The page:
What’s the best way to learn about personal finance? How about a workshop where you get to make financial choices – and sometimes mistakes – but all with play money?
First Nations Development Institute partnered with the Native American Youth and Family Center (NAYA) in Portland, Oregon, to offer a “Crazy Cash City” workshop just yesterday, May 19, 2014. NAYA sponsors an alternative high school known as the Early College Academy that emphasizes student empowerment and academic excellence while integrating core American Indian and Alaska Native values in partnership with parents, families, elders and community members. First Nations is working with the Early College Academy to provide innovative financial education programming, including the “Crazy Cash City” workshop where more than 100 youth will learn the basics of budgeting, bill paying and financial responsibility.
“Students learn best in experiential settings,” noted Shawn Spruce, First Nations’ financial education trainer coordinating the event. “Kids like to hear, see, think and do. They are not just learning the concepts, they are carrying out the actual activities of budgeting and bill paying. Research shows that this is a much more effective learning model for youth than classroom lectures.”
The “Crazy Cash City” workshop is a 90-minute reality fair in which students have to navigate a series of simulated financial tasks designed to teach basic budgeting and banking skills. It is designed to be fun — since they are spending play money and not really buying things — but it is also informative and highly interactive. All participants are given a folder containing a fictitious family profile that listed what their income was, the income of a spouse, the age of any children, and any outstanding debt or benefits they received. The high school kids then visit about 10 booths that provided various choices for housing, transportation, child care and more, and are asked to make smart financial decisions based on their family profile. At the conclusion of the seminar, the students were expected to have a fully balanced budget that they logged in their check register and budgeting sheet. This workshop has been held multiple times with high schools in Gallup, New Mexico, and is based on the Credit Union National Association’s “Mad City Money” program.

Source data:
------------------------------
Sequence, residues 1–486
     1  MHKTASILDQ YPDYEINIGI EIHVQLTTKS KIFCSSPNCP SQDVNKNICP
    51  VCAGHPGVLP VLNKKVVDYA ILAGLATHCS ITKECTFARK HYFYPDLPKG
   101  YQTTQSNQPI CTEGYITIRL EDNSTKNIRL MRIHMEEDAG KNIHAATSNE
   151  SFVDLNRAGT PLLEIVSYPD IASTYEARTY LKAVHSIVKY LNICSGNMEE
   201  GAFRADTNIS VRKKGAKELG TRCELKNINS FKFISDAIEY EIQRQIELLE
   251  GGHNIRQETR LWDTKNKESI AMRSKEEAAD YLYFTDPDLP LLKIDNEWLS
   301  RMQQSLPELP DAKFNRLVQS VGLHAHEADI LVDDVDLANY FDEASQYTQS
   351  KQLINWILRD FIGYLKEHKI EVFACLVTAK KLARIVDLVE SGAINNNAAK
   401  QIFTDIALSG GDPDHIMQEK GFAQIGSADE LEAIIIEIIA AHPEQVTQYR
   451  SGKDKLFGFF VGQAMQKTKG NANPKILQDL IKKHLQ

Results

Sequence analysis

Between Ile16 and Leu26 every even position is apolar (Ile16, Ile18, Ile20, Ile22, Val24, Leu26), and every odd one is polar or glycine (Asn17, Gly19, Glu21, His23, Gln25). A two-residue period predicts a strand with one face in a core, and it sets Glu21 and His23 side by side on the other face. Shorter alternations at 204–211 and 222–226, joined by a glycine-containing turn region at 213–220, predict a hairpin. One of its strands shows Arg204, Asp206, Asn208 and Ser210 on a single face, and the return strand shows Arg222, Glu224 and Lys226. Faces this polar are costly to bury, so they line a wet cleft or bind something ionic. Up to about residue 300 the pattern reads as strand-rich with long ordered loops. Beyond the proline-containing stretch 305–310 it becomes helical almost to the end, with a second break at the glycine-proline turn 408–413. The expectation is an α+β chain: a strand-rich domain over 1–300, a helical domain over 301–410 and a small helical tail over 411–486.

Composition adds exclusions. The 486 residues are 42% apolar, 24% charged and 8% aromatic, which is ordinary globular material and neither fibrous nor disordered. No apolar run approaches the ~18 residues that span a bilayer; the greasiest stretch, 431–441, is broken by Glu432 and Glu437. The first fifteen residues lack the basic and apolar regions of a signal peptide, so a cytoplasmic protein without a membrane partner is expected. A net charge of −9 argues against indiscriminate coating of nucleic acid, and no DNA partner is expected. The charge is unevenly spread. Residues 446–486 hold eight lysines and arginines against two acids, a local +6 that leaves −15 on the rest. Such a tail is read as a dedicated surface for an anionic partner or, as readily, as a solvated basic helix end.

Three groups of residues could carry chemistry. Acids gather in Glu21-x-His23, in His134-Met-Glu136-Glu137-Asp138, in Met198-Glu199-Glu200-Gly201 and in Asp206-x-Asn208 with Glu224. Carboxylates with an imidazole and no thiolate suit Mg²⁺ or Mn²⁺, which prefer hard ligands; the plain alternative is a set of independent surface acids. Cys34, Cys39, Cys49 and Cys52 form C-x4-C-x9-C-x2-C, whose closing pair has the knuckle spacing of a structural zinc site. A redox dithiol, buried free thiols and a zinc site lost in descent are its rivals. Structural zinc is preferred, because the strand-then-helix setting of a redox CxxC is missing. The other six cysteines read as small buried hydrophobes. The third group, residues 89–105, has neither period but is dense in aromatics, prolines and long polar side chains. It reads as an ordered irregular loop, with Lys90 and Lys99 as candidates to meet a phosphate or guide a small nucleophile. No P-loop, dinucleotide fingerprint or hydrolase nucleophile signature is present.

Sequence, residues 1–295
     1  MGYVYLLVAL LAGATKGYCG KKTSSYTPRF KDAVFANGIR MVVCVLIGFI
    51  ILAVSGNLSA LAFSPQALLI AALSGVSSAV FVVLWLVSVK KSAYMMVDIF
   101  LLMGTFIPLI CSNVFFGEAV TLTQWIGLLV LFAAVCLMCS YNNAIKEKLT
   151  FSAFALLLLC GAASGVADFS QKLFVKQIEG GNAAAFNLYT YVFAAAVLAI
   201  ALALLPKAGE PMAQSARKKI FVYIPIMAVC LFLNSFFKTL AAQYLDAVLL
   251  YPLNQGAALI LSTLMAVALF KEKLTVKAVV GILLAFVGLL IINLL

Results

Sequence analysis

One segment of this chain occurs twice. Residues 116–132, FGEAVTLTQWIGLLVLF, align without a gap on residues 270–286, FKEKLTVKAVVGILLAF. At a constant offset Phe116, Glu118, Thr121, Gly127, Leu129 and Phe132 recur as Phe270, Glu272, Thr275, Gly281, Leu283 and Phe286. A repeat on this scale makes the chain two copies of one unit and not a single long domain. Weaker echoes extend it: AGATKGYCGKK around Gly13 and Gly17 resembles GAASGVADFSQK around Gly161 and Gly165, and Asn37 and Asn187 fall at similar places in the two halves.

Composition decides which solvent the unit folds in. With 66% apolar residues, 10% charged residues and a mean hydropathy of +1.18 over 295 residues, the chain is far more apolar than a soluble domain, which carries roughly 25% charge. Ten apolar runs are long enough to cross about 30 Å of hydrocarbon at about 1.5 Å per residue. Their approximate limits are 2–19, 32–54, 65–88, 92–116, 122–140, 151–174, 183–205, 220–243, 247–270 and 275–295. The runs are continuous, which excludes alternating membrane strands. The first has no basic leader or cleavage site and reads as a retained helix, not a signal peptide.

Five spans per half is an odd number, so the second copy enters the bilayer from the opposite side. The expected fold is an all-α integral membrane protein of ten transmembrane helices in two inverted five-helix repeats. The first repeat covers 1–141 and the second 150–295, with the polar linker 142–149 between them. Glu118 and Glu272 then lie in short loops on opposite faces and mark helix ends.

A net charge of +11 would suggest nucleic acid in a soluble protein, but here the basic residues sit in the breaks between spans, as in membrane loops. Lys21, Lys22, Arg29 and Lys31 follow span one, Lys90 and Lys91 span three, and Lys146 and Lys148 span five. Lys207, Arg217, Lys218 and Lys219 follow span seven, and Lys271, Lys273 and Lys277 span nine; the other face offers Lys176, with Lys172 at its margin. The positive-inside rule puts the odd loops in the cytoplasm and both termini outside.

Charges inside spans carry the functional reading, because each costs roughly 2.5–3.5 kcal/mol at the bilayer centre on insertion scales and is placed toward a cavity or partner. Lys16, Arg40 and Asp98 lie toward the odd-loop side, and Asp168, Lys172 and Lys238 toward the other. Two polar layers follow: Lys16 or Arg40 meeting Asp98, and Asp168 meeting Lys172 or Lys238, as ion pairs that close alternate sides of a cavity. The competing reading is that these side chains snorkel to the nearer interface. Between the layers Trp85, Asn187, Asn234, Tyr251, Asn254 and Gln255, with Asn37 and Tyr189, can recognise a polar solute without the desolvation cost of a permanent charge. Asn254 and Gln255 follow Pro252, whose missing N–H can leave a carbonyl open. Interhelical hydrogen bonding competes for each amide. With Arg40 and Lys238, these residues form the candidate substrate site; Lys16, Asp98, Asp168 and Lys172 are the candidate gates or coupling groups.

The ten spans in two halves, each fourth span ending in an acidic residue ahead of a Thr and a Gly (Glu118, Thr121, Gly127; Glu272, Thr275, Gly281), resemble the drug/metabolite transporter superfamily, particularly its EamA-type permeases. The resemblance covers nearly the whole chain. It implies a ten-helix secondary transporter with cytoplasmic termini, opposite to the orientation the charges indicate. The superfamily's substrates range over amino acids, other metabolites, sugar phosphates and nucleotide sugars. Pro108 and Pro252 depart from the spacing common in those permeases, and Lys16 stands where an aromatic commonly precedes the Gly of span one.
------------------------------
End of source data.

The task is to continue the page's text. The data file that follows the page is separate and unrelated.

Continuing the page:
The purpose of the event is to give the youth opportunities to practice good spending and budgeting habits prior to entering the “real world” after graduation. The idea is to promote smart and informed decisions that will last a lifetime. This event was made possible with the support of the Bill and Melinda Gates Foundation and the Paul G. Allen Family Foundation. First Nations is honored to be partnering with NAYA on this project, and proudly supports their work in an additional grant supported by The Kresge Foundation. “This event really brings together community partners and it is always great to work with the students and teachers,” said Michael E. Roberts, president of First Nations Development Institute. “We are happy that we found an exciting way to teach youth practical budgeting and banking skills that they can soon apply in the real world.”
By Sarah Dewees, First Nations Senior Director of Research, Policy & Asset-Building Programs